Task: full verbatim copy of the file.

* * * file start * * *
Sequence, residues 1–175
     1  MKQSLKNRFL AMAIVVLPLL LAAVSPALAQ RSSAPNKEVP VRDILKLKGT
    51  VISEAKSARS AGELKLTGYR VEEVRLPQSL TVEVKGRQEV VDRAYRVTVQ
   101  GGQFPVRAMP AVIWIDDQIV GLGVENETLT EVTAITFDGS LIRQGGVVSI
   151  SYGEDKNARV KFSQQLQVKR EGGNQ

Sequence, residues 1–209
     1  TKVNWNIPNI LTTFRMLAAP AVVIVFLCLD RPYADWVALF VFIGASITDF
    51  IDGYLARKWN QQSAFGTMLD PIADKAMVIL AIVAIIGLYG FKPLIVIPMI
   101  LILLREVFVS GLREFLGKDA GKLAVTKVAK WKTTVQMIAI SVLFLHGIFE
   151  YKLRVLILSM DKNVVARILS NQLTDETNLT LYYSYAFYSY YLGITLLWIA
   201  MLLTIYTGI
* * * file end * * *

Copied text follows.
Sequence, residues 1–175
     1  MKQSLKNRFL AMAIVVLPLL LAAVSPALAQ RSSAPNKEVP VRDILKLKGT
    51  VISEAKSARS AGELKLTGYR VEEVRLPQSL TVEVKGRQEV VDRAYRVTVQ
   101  GGQFPVRAMP AVIWIDDQIV GLGVENETLT EVTAITFDGS LIRQGGVVSI
   151  SYGEDKNARV KFSQQLQVKR EGGNQ

Sequence, residues 1–209
     1  TKVNWNIPNI LTTFRMLAAP AVVIVFLCLD RPYADWVALF VFIGASITDF
    51  IDGYLARKWN QQSAFGTMLD PIADKAMVIL AIVAIIGLYG FKPLIVIPMI
   101  LILLREVFVS GLREFLGKDA GKLAVTKVAK WKTTVQMIAI SVLFLHGIFE
   151  YKLRVLILSM DKNVVARILS NQLTDETNLT LYYSYAFYSY YLGITLLWIA
   201  MLLTIYTGI